9 Ways to Battle Back to School Perfectionism

Ahhhh summer, that time of pure freedom - freedom to rest, freedom to explore, freedom to try new (and old) things. 

Time for swimming, tie dying, rock climbing, bowling, digging into some clay, ice skating, and gardening. Yes, one might move a little faster, go a little higher, create something a little more interesting, but the pressure was off, the scores and judgements withheld, the competition set aside.  Noticing. Not comparing. Pure joy in just doing and just being.

But by September, it’s back to school.  Stakes are raised, friends and classmates appear (with new clothes, bags and electronics),  extra-curricular teams kick back up, assessments follow, teasing/bullying heightens, projects are assigned, groups are formed, and the perfectionism that comes along with all of it sets in too.

Can sound like:

“I don’t want to play _____ anymore.”

“I hate this stupid project.”

“It’s all your fault for making me….”

“ <silence>” in a group discussion

“I’ll only go if I can wear…”


How can we best support tweens when they fall into the traps of perfectionism?

  1. Teach to recognize what perfectionism feels like in the body (warm face? - tense forehead? - sweaty hands?- sluggish body?)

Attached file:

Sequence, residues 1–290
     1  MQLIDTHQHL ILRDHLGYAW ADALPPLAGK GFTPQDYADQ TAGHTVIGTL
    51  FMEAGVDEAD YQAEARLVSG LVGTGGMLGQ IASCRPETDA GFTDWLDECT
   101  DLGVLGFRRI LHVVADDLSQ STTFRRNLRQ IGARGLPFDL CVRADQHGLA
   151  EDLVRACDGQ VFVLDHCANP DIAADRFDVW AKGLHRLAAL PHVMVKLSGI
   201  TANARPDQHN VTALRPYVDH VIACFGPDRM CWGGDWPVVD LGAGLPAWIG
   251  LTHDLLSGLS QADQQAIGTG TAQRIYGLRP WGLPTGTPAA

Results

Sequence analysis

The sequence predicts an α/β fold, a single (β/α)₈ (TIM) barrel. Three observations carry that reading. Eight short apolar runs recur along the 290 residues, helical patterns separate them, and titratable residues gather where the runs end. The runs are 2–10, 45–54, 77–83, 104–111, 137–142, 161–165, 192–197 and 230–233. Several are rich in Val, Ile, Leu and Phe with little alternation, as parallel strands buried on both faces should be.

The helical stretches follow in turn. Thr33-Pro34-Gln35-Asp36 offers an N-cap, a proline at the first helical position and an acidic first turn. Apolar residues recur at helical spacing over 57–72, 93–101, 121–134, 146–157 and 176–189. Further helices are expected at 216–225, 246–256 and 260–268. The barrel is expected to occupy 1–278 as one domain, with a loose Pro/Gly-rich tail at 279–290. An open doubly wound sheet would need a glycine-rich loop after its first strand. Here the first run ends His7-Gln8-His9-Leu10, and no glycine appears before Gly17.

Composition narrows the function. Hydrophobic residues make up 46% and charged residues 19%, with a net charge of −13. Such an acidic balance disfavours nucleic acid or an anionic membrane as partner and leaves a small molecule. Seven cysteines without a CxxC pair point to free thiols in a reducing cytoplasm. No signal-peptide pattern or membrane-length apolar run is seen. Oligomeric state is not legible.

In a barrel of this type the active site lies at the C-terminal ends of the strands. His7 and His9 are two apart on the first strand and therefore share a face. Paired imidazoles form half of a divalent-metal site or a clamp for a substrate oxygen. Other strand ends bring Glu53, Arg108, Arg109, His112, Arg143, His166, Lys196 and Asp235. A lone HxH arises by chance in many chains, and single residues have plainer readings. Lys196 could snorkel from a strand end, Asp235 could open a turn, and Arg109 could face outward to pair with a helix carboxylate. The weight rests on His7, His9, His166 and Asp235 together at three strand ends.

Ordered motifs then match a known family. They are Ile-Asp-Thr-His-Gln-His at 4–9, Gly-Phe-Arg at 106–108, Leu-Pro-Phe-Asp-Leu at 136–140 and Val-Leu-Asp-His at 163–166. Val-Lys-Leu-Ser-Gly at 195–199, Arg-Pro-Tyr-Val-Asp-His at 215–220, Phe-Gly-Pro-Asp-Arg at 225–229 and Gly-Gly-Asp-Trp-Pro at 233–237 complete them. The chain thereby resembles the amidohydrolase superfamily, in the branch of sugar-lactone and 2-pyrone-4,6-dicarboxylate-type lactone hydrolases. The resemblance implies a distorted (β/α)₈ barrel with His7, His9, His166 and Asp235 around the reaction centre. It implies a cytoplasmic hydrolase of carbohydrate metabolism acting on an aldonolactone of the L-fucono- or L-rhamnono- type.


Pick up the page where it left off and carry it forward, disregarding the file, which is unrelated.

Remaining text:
2. Make observations about what perfectionism looks and sounds like (saying critical things about self, blaming others, taking over, I’ll only do it if…, delayed decision making, procrastination, etc.)
  3. Celebrate PROCESS. 
  4. Inspire PROGRESS.
  5. Model healthy responses to your own mistakes.  “I will try again next time.” “I will make a correction.”  “I will apologize."
  6. Model a willingness to try (even if it’s not your thing). “Sure, I’ll draw with you.” 
  7. Emphasize that done is better than perfect.  “Thanks for sweeping the kitchen.” “I’m glad you got your project turned in on time.” 
  8. Practice the mild-case scenario. Help your child to notice “snowballing” or catastrophic thinking. 
  9. Separate self (and self-worth!) from performance or output. Let your tween know she is beyond compare.

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